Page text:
Solo: Kind of the culture that’s already there.

Brady: Yeah, exactly, but hops are just taking off down there. So I think they are softer, more stylistically correct for that population. We just did well because it is something that they are used to. Although our IPA did OK, too.

Ror: Yeah, we got a silver, actually.

Brady: The only American beer that got a medal in the Australian style (IPA).

Stoutmeister: Yeah, Bosque got the bronze in the Australian style at World Beer Cup in ’16, they got it for their IPA in that competition and that’s why they shifted into that category for GABF as well.

Ror: And, now we are getting ready for World Beer Cup, and you get four styles (to enter), but as the partners go we all like different types of beer and so we are all kind of vying for what we’d like to see go. All good ones, but inevitably you don’t send that one and then you wish you would have. There’s always that second guessing.

Stoutmeister: You always see that beer that wins and say to yourself “we could have beat that one!”

Solo: Well, any parting words?

David: We are making beer in 2018; you got that? That’s all I’ve got.

Solo: Sweet.

Stoutmeister: Actually I would ask is there anything new that you have conceived beer wise?

Solo: Any interesting things that you’re going to be doing this year, like the stoplight Berliner Weisse trio, or something like that?

Ror: Yeah, stoplight was great and that was actually the brainchild of Matt Angel, who has worked for us for quite a long time. He was pushing to do that for years.

Solo: So it finally happened.

Ror: He was having a great time pouring it and all of that.

Solo: I was having a good time because he was having so much fun with it.

Ror: With beer styles, we might have some fun with our Celtic heritage and have some things that are leaning a little bit more towards that, but maybe bigger (higher ABV) styles.

Solo: Splendid.

David: And, I think hopefully our overall portfolio, whether it’s Pedro or MorBuck or whatever else, will improve somewhat significantly. Not that these are bad or anything, but there is always room for improvement, so it is nice that the brewery is kind of evolving because now we are not only (using) different techniques, but we are experimenting with different techniques for certain beers. So our brewing style changes from beer to beer to beer to beer to beer to beer. And, that’s super exciting, and it’s all on the coattails of making better beer, not only research and study. If it adds half and hour, an hour, two hours to your day, it is still time well spent.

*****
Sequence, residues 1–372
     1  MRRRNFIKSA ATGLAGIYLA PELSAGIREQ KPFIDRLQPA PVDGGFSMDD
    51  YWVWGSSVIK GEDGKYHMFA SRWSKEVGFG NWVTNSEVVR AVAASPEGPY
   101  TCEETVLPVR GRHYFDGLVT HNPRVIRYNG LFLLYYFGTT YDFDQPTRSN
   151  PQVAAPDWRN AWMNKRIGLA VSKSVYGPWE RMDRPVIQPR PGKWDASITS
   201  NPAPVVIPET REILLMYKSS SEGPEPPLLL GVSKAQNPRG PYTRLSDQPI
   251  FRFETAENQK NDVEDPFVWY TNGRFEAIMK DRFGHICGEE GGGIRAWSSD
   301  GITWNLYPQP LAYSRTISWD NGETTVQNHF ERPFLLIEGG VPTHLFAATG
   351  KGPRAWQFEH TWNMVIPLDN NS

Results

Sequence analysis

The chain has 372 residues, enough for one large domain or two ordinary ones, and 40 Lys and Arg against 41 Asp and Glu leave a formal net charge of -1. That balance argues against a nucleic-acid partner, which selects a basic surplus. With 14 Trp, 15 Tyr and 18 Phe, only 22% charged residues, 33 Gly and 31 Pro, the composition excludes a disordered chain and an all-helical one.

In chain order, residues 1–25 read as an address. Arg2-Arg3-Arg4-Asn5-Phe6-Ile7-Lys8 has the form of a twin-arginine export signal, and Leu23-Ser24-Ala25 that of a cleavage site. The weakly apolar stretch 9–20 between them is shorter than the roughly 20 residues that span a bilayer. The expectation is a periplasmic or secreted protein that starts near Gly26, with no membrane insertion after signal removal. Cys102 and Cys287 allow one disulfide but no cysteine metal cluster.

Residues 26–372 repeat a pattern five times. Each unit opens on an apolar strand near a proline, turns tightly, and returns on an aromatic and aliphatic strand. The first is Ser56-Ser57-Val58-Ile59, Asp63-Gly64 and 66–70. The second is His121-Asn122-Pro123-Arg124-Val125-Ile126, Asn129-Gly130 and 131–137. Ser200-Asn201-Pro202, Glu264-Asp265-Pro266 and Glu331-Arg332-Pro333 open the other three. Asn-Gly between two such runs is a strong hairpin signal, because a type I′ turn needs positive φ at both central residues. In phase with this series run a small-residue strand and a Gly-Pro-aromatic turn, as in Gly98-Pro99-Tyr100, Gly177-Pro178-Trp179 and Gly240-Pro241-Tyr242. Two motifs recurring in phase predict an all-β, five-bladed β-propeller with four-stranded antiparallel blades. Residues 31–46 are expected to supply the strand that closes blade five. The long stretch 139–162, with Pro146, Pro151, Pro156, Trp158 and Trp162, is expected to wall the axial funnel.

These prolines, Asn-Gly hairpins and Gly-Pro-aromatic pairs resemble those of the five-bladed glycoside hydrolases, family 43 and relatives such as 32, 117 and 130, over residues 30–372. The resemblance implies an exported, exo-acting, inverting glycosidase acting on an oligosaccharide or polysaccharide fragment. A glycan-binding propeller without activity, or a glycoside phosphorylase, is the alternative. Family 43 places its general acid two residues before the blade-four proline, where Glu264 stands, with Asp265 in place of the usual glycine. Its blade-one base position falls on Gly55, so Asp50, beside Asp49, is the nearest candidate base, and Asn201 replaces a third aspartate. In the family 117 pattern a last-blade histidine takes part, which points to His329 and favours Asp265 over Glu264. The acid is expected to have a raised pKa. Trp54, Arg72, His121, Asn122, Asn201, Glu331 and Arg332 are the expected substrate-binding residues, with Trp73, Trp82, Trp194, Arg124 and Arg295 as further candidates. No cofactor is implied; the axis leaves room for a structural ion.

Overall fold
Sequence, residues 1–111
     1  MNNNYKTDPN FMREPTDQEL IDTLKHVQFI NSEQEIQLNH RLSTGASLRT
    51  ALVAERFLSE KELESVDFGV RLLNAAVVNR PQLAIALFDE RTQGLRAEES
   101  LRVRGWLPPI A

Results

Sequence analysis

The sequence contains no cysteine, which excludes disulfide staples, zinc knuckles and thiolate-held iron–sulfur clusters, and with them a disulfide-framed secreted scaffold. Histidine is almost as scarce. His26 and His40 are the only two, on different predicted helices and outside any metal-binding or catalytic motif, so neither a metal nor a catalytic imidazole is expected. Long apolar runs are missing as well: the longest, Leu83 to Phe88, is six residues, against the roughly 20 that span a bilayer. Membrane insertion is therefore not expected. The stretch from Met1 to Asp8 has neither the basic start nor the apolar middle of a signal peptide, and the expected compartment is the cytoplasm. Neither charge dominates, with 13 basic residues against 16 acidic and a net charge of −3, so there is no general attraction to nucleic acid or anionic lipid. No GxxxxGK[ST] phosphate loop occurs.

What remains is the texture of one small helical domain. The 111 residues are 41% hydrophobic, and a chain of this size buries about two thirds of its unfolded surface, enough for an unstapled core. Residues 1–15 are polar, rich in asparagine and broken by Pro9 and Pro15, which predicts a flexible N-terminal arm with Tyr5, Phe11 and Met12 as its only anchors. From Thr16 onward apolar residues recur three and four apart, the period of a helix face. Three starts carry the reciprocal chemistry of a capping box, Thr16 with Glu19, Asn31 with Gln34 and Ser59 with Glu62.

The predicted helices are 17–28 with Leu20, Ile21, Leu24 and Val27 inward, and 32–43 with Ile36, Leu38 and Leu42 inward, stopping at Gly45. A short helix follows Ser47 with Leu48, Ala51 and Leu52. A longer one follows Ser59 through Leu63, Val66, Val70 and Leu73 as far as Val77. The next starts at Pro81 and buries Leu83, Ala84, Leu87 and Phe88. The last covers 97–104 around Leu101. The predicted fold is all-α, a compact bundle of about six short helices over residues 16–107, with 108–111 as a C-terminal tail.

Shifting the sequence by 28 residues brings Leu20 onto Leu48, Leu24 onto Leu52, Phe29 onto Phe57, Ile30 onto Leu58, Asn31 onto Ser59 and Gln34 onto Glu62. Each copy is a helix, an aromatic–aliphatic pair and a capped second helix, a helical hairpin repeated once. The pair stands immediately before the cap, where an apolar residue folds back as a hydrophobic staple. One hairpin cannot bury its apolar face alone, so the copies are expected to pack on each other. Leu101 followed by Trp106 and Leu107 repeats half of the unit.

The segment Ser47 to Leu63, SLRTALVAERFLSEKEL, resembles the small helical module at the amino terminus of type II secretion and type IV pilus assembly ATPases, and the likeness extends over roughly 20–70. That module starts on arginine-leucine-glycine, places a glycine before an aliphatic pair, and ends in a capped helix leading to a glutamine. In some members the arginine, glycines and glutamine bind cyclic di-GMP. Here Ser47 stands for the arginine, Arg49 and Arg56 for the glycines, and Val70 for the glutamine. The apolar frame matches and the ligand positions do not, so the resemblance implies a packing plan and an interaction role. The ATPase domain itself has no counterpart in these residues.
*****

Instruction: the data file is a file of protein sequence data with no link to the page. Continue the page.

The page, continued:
Solo: It is evident in the success of your Clark as you were telling us last year. You put in all of that time, all of that research, and you created a beer that was top three in the IPA Challenge. A totally different style from what we are typically used to and that’s saying something, to pull that off in the first year.

David: So I think on the nerd side of things, that is what’s exciting about that for 2018. I read this and you read that, and you put it together and lo and behold that works, that one’s great. We should implement this technique in this beer.

More equipment is on deck for 2018.

Ror: We are also getting little bits and pieces to add to the brewery. When we first opened we had to wait to do some business and save a little bit. We started with a basic brewery and I think we’ve made exceptional beer for having this basic brewery. There are things that you don’t necessarily need, but if you would like to keep evolving then you just keep your eye out and get the pieces when you can.

Solo: So a few minor, well, not minor in terms of your quality of life, but minor in terms of overall cost pieces that you added to your brewery setup to make your lives a little easier.

David: Yeah, make our lives a little easier, or better beer, or hopefully with the right piece of equipment, sometimes it does both.

Ror: Whether it’s a technique or a style or a piece of equipment or some new technology.

David: Like Ror said, you operate in the basic brewery for a while, and it’s totally OK, and then you do get that one piece of equipment for Brady and then it is so much easier. I think we can all agree that we want it tomorrow, but we realize that there’s a great deal of patience that goes into it, so on the business aspect of it there is balancing those two.

Ror: And, for us, return on investment isn’t always in terms of dollars. You buy something and people say (about the beer), “It’s so clean, so crisp; how did you do it?” and if it was that thing we bought, that’s money well spent. In conclusion, if you really want to see what it’s like to run a brewery, check out our videos on YouTube. It’s rough.

* * * * *

My sentiments exactly. True characters to a man, it shows in everything they do, with the lust of the Celts and the dedication that comes of years of experience. Can’t wait to see what they might be up to in their second year, whether a new beer up their sleeves in the vein of the Clark line of IPAs, or what glorious machinations they might put up in video form for a good laugh or three.


— Franz Solo